How much pressure is currently being applied to Congress to break some of the bottlenecks on energy abundance? How much more is needed?
What's your theory of management going in to Speculative Technologies?
What advances in material science would have to occur for it to be as exciting to investors and average people as software? i.e. is the world of bits going to remain the dominant arena of novel creations for the next century?
I resonate with this. The issue is that culture is particular, but the type of progress the progress studies is generally committed to is civilizational (tech and institutions) not cultural (art and meaning). A community dedicated to progress would instantly become significantly more narrow if it committed to some particular vision of what is valuable and meaningful. While I am fairly committed to a particular vision of how to integrate civilization and culture to create a meaningful life, I wouldn't want the Progress Forum to commit to a particular view of, say, family values or the status of rituals in society.
Your video is still a broad tent view of meaning. Yet, I'd like to hear how one can actually engage in the project you describe without becoming partisan some particular view of what makes a meaningful life.
Hi Jason, Matt is certainly one the substackers I sometimes most regret not having a sub to!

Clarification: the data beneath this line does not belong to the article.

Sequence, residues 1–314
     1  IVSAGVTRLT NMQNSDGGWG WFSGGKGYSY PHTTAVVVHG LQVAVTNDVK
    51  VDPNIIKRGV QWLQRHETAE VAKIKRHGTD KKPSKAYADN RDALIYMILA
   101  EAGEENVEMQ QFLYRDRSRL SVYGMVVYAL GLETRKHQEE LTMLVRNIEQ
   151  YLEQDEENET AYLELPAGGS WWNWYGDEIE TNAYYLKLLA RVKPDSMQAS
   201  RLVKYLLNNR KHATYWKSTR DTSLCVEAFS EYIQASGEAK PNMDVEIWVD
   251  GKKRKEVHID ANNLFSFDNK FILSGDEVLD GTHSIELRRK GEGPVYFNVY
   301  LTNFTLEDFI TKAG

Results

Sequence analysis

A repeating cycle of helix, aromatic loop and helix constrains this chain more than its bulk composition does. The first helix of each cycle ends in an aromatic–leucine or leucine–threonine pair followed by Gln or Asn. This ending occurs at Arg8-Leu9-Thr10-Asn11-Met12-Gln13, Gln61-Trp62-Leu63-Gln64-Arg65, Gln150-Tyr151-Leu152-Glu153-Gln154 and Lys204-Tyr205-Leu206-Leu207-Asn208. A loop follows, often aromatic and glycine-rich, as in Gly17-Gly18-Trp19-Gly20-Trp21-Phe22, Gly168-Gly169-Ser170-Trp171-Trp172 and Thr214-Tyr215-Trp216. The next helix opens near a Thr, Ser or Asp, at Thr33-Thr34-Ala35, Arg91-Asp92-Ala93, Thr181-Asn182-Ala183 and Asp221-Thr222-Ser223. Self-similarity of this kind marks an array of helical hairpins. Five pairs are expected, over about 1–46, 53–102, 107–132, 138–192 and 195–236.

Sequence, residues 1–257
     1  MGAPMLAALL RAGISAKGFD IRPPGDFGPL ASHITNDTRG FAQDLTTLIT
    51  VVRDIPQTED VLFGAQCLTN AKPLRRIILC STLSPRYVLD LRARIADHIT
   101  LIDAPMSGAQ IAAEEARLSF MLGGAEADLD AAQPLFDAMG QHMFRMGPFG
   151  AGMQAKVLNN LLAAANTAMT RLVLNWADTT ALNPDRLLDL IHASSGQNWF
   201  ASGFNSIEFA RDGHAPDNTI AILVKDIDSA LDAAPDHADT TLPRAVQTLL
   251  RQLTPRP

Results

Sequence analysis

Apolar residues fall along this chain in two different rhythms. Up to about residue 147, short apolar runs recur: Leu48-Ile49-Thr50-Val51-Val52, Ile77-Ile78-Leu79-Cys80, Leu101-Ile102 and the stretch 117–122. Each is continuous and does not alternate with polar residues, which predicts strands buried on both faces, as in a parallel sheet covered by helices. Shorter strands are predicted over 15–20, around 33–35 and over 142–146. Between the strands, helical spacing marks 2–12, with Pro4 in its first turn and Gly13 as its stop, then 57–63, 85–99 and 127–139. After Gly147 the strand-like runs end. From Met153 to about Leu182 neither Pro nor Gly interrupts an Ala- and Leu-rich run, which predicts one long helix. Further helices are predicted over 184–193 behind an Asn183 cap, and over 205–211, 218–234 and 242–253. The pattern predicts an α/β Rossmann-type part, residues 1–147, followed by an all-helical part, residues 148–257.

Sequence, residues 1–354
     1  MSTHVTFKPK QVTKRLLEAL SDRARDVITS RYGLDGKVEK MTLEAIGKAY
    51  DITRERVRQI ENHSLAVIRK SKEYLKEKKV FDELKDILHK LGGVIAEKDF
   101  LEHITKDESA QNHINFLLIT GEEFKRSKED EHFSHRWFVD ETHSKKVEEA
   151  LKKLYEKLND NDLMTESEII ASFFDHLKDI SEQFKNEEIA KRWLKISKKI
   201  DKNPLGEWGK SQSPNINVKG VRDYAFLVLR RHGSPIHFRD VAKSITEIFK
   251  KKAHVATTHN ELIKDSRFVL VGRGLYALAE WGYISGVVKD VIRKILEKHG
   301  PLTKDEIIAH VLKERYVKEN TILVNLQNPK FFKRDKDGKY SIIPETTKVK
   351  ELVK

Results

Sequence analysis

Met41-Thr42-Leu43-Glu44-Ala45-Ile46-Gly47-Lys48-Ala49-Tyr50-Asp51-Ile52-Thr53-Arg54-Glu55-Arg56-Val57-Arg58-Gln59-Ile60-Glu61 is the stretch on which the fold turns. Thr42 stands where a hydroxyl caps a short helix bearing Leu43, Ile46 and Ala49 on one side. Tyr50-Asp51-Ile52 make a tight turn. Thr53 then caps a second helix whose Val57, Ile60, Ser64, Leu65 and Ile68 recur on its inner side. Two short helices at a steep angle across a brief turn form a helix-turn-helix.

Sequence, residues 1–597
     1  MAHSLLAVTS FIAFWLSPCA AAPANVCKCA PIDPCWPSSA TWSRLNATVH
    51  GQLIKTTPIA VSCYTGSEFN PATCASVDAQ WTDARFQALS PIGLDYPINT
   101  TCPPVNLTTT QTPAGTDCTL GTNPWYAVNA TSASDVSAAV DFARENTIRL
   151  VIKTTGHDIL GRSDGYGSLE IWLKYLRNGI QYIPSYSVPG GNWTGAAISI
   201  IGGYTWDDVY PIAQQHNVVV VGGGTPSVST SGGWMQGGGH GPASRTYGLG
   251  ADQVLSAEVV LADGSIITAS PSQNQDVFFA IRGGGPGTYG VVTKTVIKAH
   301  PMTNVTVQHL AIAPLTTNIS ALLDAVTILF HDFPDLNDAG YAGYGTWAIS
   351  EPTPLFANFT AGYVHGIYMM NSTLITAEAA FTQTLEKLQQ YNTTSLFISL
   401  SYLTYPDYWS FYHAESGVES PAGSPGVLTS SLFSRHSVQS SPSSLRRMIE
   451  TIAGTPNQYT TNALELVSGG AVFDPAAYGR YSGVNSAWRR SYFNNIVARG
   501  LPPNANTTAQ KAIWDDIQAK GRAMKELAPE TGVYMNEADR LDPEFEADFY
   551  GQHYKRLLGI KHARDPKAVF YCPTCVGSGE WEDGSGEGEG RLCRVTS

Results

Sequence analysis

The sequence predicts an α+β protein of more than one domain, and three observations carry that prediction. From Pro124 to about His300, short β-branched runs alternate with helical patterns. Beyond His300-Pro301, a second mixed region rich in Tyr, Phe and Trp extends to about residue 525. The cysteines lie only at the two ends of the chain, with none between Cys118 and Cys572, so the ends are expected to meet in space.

One reason I hear for pessimism is not merely Clive Thompson's point that dystopian scenarios are easy to imagine, but that we've already created dystopias. It's NOT merely imagination. We've already dropped atomic weapons, created murderous totalitarian governments, and starved millions of people to death through blithe mismanagement. As proof of concept such things have already happened, they could be scaled, and if they happen again, they will be bigger and badder. It's hard for most people to imagine unknown future good things that outweigh "knowable" future horrors.
P.S. can I get a deep dive on whether the 20th century is rightly called "the bloodiest century"? It seems obviously so. But I would like to see the data sliced several different ways.
Are current US rates of growth and disruption enough to keep protectionist interest groups from outpacing innovation (#MancurOlson)? Comparing your 2003 work and present work, it seems, at least to me, that your sense of how culture works has changed, namely the extent to which culture and individuals are elastic. What's your current view here?
Consumers, in the "consumerism" worldview exist only to receive goods. It's a primarily self-centered orientation to the world, and that's why people sneer the word with such a moralizing tone.
Imagine the opposite of consumerism is producerism. Producing time-saving conveniences, building stuff, retaining walls and, heck, even trivial trinkets. Producing is a "nice thing to do." An active life working and valuing the things you wished you valued while helping others in the small, tedious ways that the economy rewards a person for.
But a "consumerist" is a distracted, binge-watching, GrubHub couch potato perhaps sporting a part-time BS job. People are afraid of living in a "distraction/hedonistic/morally corrupt/selfish society". And part of the reason this objection to society comes up so much is that (probably mistakenly) they think the following: